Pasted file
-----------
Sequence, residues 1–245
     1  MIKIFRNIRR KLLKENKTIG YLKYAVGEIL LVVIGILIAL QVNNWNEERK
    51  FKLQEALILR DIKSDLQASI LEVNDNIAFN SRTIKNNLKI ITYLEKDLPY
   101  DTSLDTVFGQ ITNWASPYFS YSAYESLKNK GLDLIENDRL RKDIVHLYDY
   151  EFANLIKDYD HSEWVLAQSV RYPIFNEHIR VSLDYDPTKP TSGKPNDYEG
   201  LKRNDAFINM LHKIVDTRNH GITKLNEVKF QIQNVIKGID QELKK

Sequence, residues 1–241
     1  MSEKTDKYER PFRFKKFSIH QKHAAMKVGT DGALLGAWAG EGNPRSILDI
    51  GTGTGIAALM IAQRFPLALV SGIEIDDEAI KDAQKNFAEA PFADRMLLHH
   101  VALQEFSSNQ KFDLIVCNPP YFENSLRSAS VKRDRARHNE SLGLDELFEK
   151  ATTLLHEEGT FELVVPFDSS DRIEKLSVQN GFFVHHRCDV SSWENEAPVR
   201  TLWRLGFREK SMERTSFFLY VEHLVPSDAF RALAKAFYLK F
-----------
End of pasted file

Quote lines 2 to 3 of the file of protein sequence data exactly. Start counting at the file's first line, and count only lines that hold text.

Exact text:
     1  MIKIFRNIRR KLLKENKTIG YLKYAVGEIL LVVIGILIAL QVNNWNEERK
    51  FKLQEALILR DIKSDLQASI LEVNDNIAFN SRTIKNNLKI ITYLEKDLPY